But not so Billy. Billy joined a Mothers' Club and entered a class in Child Training with an elaborate system of Charts, Rules, and Tests. She subscribed to each new "Mothers' Helper," and the like, that she came across, devouring each and every one with an eagerness that was tempered only by a vague uneasiness at finding so many differences of opinion among Those Who Knew.

Undeniably Billy, if not Bertram, was indeed realizing the Enormous Responsibility, and was keeping ever before her the Important Trust.

In June Bertram took a cottage at the South Shore, and by the time the really hot weather arrived the family were well settled. It was only an hour away from Boston, and easy of access, but William said he guessed he would not go; he would stay in Boston, sleeping at the house, and getting his meals at the club, until the middle of July, when he was going down in Maine for his usual fishing trip, which he had planned to take a little earlier than usual this year.

"But you'll be so lonesome, Uncle William," Billy demurred, "in this great house all alone!"

"Oh, no, I sha'n't," rejoined Uncle William. "I shall only be sleeping here, you know," he finished. with a slightly peculiar smile.

It was well, perhaps, that Billy did not exactly realize the significance of that smile, nor the unconscious emphasis on the word "sleeping," for it would have troubled her not a little.

William, to tell the truth, was quite anticipating that sleeping. William's nights had not been exactly restful since the baby came. His evenings, too, had not been the peaceful things they were wont to be.

Some of Billy's Rules and Tests were strenuously objected to on the part of her small son, and the young man did not hesitate to show it. Billy said that it was good for the baby to cry, that it developed his lungs; but William was very sure that it was not good for him. Certainly, when the baby did cry, William never could help hovering near the center of disturbance, and he always had to remind Billy that it might be a pin, you know, or some cruel thing that was hurting. As if he, William, a great strong man, could sit calmly by and smoke a pipe, or lie in his comfortable bed and sleep, while that blessed little baby was crying his heart out like that! Of course, if one did not know he was crying-- Hence William's anticipation of those quiet, restful nights when he could not know it.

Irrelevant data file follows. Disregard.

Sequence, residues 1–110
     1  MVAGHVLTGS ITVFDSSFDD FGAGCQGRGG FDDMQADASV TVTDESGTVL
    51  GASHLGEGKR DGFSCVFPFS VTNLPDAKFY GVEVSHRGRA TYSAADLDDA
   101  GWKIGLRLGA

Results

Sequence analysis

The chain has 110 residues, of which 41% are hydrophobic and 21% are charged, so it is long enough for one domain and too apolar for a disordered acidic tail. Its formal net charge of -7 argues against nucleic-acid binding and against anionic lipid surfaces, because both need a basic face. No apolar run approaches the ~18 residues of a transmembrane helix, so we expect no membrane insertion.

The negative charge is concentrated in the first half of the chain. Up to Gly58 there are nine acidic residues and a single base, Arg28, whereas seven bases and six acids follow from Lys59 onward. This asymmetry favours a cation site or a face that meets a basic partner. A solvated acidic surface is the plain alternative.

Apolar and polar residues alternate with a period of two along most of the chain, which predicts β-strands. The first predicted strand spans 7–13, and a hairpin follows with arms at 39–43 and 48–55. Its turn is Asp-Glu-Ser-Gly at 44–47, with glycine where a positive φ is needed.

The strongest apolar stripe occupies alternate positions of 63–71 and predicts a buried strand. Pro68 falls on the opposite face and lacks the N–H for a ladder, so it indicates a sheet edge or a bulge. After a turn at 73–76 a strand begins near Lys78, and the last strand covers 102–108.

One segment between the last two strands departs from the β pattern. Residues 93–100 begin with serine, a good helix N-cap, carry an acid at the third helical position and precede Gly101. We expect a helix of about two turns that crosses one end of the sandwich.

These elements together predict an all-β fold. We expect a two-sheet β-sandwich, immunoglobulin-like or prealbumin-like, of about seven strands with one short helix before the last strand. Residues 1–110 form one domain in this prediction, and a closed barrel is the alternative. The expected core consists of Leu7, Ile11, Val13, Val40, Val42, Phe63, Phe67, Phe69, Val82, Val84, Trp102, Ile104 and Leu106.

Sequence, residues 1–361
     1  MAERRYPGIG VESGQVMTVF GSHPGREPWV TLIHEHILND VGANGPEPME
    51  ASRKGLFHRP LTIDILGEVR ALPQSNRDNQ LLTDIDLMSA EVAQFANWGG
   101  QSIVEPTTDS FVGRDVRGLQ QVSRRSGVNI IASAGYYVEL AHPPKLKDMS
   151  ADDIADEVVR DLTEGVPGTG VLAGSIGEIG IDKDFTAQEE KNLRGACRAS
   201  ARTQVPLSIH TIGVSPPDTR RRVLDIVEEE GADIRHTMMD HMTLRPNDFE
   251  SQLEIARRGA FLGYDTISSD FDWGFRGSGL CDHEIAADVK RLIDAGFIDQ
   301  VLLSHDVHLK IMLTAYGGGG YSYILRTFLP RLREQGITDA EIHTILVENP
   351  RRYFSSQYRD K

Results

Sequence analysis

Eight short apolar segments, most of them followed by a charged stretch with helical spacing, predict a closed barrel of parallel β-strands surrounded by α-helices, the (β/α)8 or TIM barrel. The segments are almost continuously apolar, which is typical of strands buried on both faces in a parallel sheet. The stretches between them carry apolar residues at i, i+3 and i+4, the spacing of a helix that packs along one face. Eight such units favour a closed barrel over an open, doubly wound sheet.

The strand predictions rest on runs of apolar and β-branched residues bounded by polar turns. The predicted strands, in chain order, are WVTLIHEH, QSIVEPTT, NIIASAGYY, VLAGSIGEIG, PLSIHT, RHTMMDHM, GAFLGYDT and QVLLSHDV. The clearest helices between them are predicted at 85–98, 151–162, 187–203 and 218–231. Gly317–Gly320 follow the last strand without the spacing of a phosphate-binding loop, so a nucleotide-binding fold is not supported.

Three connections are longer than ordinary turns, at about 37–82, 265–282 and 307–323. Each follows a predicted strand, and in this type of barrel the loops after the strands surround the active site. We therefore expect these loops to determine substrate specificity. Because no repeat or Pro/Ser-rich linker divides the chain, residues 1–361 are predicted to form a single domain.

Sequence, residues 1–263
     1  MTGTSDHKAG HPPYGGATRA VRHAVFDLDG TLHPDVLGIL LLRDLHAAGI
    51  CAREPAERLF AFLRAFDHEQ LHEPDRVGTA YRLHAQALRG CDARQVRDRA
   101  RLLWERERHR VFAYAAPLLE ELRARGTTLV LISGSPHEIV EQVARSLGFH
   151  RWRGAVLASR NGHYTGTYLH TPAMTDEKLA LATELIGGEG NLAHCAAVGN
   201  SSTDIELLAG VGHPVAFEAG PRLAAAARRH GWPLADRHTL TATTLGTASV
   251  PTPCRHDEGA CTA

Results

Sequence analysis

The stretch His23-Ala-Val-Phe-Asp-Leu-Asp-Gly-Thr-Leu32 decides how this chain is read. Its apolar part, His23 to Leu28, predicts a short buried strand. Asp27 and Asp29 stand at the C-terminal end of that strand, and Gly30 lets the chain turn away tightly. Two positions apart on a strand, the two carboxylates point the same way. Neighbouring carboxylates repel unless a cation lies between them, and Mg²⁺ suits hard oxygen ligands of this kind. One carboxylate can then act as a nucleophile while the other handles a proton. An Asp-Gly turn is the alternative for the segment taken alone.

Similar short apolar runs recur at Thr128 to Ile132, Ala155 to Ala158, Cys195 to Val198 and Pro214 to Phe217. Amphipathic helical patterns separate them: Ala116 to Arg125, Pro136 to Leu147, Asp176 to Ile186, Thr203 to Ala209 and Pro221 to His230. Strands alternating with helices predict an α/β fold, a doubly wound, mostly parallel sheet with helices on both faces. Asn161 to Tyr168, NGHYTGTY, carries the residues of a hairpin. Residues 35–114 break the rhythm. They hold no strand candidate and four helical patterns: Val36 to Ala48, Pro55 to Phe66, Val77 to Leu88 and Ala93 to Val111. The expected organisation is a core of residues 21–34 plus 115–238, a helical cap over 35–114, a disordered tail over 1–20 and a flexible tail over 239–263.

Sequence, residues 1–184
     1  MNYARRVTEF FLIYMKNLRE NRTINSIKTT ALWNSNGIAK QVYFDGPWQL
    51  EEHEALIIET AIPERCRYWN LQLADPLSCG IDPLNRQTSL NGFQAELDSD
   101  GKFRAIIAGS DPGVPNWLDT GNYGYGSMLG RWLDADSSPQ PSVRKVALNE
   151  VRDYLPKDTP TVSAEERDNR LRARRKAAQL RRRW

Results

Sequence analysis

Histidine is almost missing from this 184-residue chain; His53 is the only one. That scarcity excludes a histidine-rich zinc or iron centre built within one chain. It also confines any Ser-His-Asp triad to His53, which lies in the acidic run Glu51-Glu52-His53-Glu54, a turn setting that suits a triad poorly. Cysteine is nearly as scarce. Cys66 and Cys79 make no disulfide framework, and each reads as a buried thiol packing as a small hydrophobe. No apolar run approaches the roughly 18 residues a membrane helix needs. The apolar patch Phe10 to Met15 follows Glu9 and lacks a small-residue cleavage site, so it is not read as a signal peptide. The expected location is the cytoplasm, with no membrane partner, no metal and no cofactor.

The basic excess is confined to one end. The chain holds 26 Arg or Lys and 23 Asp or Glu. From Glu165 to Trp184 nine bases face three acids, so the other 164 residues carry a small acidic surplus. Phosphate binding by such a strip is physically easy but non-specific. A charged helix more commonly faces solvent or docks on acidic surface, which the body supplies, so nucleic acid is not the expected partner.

Very soon after Billy's arrival at the cottage, Aunt Hannah and Alice Greggory came down for a day's visit. Aunt Hannah had been away from Boston for several weeks, so it was some time since she had seen the baby.

"My, but hasn't he grown!" she exclaimed, picking the baby up and stooping to give him a snuggling kiss. The next instant she almost dropped the little fellow, so startling had been Billy's cry.